Hate And Violence: Why Hate Crimes Are Especially Difficult Cases

Although much attention has been given to hate crimes lately, both in the media and in the courtroom, they still remain some of the hardest cases to try. Not only are they emotionally charged, cases involving hate crimes are notoriously more violent and more difficult to prosecute, which leaves victims feeling reluctant to pursue additional damages. While hate crimes are recognized by 41 states, with many of those states levying heftier sentences and penalties for proven hate crimes, many crimes go unreported and/or not prosecuted to the fullest extent of the law. Following are a few reasons why hate crimes are especially difficult for prosecutors and victims alike. 

Hate Crimes are More Violent

A hate crime occurs every hour in the United States. While most hate crimes are racially motivated, people in the LGBT community and those of certain religious groups are often targeted as well. By their nature, hate crimes are often more violent and more likely to result in a serious injury. This is likely due to the fact that hate crimes are motivated by hatred and an intense dislike for someone based on their appearance, sexual identity, ethnicity, disability or religious affiliation.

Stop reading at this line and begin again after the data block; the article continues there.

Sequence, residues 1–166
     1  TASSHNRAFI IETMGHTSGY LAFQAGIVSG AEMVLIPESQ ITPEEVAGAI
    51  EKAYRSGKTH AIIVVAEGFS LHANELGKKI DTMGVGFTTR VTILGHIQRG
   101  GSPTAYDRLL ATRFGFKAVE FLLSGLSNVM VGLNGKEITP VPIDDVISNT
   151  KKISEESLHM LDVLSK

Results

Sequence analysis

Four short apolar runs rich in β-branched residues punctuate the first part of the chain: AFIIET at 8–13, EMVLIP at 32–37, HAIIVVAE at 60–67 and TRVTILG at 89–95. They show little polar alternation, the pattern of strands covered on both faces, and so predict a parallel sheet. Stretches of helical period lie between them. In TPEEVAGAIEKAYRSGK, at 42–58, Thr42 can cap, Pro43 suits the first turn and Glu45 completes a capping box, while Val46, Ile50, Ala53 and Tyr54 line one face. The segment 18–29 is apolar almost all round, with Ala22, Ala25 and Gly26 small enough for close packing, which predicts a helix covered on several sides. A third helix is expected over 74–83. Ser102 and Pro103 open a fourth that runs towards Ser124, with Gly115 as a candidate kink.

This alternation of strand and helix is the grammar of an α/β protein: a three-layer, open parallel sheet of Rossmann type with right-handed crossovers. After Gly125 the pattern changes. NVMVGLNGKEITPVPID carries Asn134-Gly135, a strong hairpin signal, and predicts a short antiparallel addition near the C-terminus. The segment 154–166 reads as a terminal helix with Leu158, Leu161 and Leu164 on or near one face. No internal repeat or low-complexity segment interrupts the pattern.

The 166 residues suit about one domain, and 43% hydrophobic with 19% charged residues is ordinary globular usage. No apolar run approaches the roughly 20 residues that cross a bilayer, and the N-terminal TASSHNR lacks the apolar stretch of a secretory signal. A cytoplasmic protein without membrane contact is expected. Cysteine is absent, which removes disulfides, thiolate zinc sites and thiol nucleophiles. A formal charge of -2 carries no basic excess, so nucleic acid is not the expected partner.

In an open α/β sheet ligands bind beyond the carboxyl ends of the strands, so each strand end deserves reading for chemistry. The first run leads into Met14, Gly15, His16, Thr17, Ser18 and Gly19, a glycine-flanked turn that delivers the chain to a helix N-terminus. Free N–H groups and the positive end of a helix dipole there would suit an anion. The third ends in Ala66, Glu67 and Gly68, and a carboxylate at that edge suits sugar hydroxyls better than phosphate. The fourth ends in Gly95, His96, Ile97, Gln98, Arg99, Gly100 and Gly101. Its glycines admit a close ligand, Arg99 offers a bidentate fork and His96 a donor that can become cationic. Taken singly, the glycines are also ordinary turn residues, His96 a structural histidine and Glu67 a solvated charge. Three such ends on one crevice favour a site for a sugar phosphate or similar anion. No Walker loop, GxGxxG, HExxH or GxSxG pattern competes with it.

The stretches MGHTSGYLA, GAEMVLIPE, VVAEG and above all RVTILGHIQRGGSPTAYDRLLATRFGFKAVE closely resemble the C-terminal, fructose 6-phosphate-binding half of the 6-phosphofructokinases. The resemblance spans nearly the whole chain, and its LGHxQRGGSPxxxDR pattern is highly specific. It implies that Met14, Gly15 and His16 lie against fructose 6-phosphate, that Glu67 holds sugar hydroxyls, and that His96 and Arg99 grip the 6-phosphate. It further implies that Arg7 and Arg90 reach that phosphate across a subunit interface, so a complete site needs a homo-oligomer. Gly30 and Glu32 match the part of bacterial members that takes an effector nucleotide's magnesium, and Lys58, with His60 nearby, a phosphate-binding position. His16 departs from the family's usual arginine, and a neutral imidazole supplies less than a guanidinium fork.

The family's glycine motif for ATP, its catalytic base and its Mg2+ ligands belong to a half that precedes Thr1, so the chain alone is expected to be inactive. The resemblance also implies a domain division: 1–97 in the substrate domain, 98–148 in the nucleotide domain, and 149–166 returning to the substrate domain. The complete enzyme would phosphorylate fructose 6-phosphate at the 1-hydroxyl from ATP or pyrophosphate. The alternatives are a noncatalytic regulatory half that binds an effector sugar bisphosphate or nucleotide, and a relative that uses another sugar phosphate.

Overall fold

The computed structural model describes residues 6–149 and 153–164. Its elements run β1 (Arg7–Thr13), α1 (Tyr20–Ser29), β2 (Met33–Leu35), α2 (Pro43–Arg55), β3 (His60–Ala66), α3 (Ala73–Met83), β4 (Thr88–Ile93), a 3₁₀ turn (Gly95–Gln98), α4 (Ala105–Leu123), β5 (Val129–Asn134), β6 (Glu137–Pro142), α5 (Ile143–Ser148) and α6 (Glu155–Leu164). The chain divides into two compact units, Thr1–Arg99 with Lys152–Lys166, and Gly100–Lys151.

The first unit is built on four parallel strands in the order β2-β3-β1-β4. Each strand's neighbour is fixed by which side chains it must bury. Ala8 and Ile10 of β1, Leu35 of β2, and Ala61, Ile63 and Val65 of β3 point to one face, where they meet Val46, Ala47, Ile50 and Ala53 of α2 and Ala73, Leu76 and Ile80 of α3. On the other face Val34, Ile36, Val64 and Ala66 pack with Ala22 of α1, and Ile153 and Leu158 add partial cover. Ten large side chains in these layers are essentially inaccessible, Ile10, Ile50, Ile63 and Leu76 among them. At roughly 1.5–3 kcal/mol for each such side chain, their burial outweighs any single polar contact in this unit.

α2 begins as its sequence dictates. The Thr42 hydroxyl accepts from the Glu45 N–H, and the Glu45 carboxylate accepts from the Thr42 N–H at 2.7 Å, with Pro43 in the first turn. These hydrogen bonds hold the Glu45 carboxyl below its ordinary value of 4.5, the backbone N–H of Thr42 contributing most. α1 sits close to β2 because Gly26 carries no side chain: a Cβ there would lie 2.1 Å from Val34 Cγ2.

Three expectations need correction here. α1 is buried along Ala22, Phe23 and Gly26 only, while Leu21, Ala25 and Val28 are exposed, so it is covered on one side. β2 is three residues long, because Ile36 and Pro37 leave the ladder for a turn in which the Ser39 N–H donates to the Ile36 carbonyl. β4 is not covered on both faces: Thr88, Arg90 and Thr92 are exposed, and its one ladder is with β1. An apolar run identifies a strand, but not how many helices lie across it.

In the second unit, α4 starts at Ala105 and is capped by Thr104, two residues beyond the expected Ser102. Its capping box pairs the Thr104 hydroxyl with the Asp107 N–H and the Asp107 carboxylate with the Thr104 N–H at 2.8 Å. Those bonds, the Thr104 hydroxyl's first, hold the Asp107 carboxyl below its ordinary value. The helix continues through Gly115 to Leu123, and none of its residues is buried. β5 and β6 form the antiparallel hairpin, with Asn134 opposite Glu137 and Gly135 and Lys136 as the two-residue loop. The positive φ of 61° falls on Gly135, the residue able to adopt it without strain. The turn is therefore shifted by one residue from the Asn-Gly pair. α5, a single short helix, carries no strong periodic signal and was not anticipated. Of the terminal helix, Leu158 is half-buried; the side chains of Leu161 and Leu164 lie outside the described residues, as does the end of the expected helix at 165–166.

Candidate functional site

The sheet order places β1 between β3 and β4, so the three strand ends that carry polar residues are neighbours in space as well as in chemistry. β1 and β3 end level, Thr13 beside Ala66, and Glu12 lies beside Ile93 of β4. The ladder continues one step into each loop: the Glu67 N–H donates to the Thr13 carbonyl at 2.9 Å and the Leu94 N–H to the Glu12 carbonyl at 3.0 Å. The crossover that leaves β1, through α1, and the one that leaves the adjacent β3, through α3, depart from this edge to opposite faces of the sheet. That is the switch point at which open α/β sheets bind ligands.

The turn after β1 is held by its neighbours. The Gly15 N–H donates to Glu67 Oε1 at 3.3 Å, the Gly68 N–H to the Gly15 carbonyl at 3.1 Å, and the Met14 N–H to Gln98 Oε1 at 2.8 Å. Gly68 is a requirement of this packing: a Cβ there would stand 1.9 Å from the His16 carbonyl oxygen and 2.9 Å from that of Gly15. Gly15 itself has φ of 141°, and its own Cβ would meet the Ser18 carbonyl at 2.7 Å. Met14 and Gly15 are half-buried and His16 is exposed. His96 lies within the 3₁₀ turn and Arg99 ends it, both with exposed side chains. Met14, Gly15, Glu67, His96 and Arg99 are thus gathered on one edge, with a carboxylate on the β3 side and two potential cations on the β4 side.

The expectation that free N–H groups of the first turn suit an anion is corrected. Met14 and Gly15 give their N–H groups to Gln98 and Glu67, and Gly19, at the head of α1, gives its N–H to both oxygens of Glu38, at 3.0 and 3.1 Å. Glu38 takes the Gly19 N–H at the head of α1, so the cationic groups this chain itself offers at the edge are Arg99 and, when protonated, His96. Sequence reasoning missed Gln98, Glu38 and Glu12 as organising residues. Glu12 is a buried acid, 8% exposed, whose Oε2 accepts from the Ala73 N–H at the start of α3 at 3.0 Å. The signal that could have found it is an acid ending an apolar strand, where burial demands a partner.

Victims are Intimidated or Silent

Many victims of hate crimes are reluctant to come forward, especially those in the LGBT community, because they don't want to acknowledge their sexual orientation. They may fear that they will have to endure additional bias coming from police officers and those within the judicial system. The sheer emotional distress experienced after a hate crime may also make victims unwilling to talk about their experience. For these reasons and more, victims may be unwilling to do the extra work necessary to prosecute and prove a hate crime.

Hate Crimes are Hard to Prosecute

Hate crimes are hard to prosecute criminally because there has to be proof that the perpetrator acted out of a deep hatred. Assaults are not generally defined as hate crimes just because the victim might happen to be gay or is a different race than the perpetrator. To prove that a hate crime occurred, prosecutors usually have to delve into the defendant's past and find evidence of a deeply-held bias, which can be difficult to do.

Hate crimes are often dealt with more severely than cases of assault. Victims of hate crimes may also seek more damages for their injuries simply because of the nature of the crime. Since many victims experience post traumatic stress disorder or intense emotions after such an attack, this is taken into account when the cases are tried.

To learn more, contact a law firm like Arrington Schelin & Munsey PC